Endangering Welfare of a Child

Endangering the Welfare of Children is often called EWOC by defense attorneys and other people in the criminal justice system. This charge is found in section 4304 of the Crimes Code and prohibits a parent, guardian, or person supervising a child, meaning someone under 18, from knowingly endangering the welfare of the child by violating a duty of care, protection, or support.

Pennsylvania courts have established a three-part test that must be satisfied to prove EWOC:

  1. accused must be aware of his/her duty to protect the child;
  2. accused must be aware that the child was in circumstances that could threaten the child's physical or psychological welfare; and
  3. accused either failed to act or has took action that was so lame or meager that the actions could not reasonably be expected to protect the child's welfare.

A conviction of EWOC carries serious penalties, penalties that could include payment of fines and costs, probation or jail time, and collateral consequences such a Federal firearm prohibition.

What Does "Endangering Welfare of a Child" Mean?

One problem with this law is that it prohibits a person from endangering the welfare of a child but does not provide any definition for that phrase. What conduct "endangers the welfare of a child?" Most people want a black and white answer so that they know what does and does not violate the law. Some cases are easy violations of the law, child endangermentsuch as driving under the influence of drugs or alcohol with children in the car.

Other cases involve fact patterns that are not clear-cut violations and instead fall under a gray area of the law. For example, a parent leaving a child unattended in a vehicle while the parent runs into a store or shop. Many such cases are fact sensitive. How long was the child unattended? How old was the child? Was the child asleep or awake and screaming? Was the car locked? What was weather like outside? Was the air conditioner or heater running?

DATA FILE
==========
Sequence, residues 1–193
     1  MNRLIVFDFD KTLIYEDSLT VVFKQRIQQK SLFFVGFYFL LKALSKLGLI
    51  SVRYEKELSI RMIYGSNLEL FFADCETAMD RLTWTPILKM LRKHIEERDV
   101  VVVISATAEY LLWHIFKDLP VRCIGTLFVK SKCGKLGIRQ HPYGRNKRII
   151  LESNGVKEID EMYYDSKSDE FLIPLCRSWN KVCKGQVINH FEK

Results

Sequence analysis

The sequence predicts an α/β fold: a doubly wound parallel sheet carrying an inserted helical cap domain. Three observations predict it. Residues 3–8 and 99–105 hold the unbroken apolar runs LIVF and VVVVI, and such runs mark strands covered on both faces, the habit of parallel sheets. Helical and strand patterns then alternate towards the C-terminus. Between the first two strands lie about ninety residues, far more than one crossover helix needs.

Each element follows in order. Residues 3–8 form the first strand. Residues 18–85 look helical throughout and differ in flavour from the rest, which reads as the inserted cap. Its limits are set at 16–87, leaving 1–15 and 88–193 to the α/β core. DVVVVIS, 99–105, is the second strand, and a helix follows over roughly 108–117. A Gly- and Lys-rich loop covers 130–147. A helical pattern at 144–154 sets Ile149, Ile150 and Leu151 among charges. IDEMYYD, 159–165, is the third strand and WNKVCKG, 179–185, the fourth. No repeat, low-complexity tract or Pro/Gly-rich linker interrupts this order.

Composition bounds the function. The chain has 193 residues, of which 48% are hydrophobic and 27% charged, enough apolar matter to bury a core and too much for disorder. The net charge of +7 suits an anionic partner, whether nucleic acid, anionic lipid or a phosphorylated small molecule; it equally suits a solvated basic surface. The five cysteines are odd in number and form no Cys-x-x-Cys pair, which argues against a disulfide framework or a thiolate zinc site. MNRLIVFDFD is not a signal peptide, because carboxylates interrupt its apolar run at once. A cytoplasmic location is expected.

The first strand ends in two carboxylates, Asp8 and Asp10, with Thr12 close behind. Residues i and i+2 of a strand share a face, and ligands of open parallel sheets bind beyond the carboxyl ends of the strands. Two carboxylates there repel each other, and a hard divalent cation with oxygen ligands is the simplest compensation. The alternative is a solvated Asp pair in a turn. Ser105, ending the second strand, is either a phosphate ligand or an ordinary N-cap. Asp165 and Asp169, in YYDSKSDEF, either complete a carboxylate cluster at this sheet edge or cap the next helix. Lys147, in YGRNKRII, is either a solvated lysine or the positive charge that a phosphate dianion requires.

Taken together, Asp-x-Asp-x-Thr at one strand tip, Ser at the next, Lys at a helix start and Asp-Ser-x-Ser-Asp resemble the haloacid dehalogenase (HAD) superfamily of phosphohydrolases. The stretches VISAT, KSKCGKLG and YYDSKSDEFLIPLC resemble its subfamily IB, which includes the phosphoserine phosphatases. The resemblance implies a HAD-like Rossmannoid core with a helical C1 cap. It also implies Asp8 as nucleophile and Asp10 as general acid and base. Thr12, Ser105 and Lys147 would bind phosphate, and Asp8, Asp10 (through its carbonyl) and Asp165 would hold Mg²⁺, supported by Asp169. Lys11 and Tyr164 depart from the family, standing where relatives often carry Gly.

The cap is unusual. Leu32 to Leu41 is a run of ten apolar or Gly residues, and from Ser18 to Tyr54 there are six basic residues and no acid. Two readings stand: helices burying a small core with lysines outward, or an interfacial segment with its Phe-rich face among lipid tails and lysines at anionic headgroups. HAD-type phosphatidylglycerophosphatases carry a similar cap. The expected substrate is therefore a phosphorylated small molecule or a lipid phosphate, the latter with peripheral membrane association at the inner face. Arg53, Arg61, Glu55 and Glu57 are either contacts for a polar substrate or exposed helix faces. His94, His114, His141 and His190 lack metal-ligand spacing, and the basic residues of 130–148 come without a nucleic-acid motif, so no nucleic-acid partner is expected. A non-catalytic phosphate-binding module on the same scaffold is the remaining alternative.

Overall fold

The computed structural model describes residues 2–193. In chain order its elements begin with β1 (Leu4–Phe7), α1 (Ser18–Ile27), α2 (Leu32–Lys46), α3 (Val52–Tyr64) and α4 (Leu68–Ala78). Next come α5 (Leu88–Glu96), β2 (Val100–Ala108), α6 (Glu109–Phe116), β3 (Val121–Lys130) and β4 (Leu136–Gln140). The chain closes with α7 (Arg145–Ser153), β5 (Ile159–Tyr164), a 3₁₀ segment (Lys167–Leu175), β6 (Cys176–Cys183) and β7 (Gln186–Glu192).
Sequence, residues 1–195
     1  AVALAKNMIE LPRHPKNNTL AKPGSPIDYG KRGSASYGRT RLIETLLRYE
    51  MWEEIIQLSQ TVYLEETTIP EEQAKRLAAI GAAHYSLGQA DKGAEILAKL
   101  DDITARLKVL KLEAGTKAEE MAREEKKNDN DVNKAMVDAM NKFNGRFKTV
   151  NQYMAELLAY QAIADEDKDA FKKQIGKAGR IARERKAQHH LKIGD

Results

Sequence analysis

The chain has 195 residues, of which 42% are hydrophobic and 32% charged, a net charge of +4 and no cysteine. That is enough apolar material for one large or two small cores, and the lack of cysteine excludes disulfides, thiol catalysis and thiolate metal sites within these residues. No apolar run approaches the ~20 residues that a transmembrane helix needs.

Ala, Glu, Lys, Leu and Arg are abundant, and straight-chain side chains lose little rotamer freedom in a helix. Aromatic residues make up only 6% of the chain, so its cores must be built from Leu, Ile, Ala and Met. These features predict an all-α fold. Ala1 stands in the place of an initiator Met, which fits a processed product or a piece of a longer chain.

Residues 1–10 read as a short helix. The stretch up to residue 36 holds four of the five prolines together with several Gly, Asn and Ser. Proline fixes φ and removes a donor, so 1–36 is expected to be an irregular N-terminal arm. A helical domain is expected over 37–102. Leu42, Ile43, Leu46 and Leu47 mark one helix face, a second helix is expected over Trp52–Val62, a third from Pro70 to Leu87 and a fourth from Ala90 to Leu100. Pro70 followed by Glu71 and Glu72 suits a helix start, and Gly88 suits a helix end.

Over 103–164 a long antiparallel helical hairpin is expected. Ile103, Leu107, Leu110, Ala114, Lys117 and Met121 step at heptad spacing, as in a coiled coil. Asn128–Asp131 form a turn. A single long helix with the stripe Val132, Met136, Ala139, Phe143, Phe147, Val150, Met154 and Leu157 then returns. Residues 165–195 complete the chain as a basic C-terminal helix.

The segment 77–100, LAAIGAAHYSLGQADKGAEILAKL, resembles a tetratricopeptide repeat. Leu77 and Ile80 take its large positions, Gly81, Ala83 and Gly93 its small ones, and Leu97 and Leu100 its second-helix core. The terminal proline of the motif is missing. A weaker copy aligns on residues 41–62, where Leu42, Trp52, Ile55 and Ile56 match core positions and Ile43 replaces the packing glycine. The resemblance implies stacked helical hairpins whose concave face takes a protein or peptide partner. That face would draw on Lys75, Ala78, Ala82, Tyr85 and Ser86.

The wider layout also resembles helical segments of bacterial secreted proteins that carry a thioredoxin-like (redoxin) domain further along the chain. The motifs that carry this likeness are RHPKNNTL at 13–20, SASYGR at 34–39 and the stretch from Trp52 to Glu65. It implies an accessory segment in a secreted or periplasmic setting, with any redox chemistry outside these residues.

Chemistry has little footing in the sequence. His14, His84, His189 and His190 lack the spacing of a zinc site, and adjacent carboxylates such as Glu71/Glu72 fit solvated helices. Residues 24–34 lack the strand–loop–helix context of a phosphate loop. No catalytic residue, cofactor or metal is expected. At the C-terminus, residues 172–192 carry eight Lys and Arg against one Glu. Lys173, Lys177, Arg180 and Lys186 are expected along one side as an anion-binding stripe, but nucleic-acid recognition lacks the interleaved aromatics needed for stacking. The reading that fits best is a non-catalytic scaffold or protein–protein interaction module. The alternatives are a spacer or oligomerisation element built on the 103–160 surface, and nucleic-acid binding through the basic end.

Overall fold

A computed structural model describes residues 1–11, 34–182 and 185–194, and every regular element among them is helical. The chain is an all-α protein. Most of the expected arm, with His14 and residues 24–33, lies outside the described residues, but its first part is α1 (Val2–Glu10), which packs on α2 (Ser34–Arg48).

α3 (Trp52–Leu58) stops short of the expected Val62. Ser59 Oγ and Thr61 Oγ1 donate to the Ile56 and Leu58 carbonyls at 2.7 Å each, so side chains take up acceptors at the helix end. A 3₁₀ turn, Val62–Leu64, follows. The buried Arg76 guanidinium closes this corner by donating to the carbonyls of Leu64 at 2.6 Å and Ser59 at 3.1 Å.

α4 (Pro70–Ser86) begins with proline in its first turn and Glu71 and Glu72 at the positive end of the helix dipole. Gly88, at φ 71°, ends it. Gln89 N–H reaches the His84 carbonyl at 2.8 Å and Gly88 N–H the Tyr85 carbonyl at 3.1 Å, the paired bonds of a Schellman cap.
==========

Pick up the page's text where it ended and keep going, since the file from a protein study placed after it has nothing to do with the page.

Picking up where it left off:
Jury Decides Whether or Not a Crime was Committed

In the criminal justice system, it is the role of a jury to hear the evidence and make the determination whether the conduct of the person violated the law. What is and is not "endangering the welfare of a child" would ultimately be determined by a jury at trial. If a jury returns a not guilty verdict, then the jury made the decision that the conduct did not endanger a child's welfare, whereas a guilty verdict shows that the jury felt that the conduct was criminal in nature and violated the law. The key in such cases is that the person is represented by an experienced defense attorney that knows the law, knows the criminal justice system, and is familiar with the prospective jury panel.